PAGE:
Odd Socks – Putting Children First

Rebecca (OnlyMums) and I have been trying to progress the “Odd Socks” project ever since a young person turned to us (in our office) with the statement “you are all about the parents – what about the kids?”

It is hard to get across to you the “force” of that statement and the effect it had (still has) on us! It did however make us stop what we were doing and think!

A week or so later, we got together a group of young people – gave them an office for a morning – and a few sheets of architect’s paper and some marker pens. All of them had first-hand experience of their parents going through or having been through, divorce and separation. We invited them to pull their thoughts together for a website that would help them and other young people in their position.

At this stage – they quite literally had a blank-sheet of paper.

Not more than 20 minutes later – our own office door burst open. “…we know what it’s going to be called, they yelled…

…Odd Socks!”

They explained their further thinking later that morning – their idea of a website organised and run by children, for children really got us excited. So many of the conversations we have with parents, focus in on the needs and aspirations of children. Many of us know that our own “Odd Socks” say one thing to one parent and quite another thing to the other. We also know, some can get so muddled, they end up in silence. Alone with their thoughts. And worries.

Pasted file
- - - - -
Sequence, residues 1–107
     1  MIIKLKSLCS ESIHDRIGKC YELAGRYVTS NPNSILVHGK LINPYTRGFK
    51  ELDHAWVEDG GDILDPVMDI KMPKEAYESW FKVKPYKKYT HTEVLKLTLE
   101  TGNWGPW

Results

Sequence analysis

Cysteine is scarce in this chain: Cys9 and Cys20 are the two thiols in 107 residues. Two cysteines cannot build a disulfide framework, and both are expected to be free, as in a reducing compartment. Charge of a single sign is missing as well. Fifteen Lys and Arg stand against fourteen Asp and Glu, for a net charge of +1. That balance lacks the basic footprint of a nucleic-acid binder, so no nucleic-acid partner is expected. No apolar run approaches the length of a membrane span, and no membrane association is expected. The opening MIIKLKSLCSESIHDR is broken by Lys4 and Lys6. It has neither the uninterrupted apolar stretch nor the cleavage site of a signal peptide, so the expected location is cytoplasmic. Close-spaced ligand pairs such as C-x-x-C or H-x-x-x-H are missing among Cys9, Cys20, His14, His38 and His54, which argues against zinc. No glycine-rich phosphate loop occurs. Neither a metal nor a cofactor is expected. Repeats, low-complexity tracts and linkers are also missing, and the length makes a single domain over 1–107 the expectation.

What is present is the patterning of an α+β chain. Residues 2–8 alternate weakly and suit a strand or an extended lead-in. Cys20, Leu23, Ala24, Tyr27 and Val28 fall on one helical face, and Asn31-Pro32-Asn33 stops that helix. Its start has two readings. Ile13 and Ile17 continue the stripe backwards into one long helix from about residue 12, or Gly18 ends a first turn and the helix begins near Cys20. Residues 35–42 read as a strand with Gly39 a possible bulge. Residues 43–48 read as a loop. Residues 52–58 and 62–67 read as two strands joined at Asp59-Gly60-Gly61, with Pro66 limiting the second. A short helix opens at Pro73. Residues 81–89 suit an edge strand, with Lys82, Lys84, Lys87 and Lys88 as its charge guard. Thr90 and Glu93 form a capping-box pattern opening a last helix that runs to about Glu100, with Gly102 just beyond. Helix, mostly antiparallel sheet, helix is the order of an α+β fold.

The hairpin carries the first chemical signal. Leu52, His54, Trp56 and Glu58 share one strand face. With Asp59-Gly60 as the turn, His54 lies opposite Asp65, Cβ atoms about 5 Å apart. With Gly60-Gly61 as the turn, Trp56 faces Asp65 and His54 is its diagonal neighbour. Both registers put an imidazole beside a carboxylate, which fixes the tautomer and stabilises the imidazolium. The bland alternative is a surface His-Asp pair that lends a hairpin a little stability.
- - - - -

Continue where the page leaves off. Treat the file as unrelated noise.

Rebecca and I pulled this concept paper together. We shared it with a number of professionals, individuals, schools, and organisations. All seemed to think it a superb idea and worthy of further exploration. 

Project Summary

To develop (probably in partnership) a web-based support and advice service for young people with parents in conflict – Odd Socks (OS).

OS will be a website where young people interact with young people in a safe and supervised environment.

This not-for-profit service (structure to be agreed) would be governed and guided by a management committee made up of experienced professionals and others to comply fully with the legal structure agreed upon. OS would, under such a management board, continue to be driven and designed by young people of separating parents.

Essentially it will be a service for young people given by young people.

The project will focus on providing appropriate services for four age groups; 7-11, 11-14, 14-16 and 16+.